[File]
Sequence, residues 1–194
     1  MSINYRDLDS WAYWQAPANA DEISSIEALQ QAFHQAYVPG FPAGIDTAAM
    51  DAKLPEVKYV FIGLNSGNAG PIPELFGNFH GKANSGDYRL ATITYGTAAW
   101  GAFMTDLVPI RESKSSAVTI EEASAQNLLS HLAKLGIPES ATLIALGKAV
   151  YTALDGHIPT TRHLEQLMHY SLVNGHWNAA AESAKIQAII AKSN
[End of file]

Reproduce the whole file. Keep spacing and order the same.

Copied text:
Sequence, residues 1–194
     1  MSINYRDLDS WAYWQAPANA DEISSIEALQ QAFHQAYVPG FPAGIDTAAM
    51  DAKLPEVKYV FIGLNSGNAG PIPELFGNFH GKANSGDYRL ATITYGTAAW
   101  GAFMTDLVPI RESKSSAVTI EEASAQNLLS HLAKLGIPES ATLIALGKAV
   151  YTALDGHIPT TRHLEQLMHY SLVNGHWNAA AESAKIQAII AKSN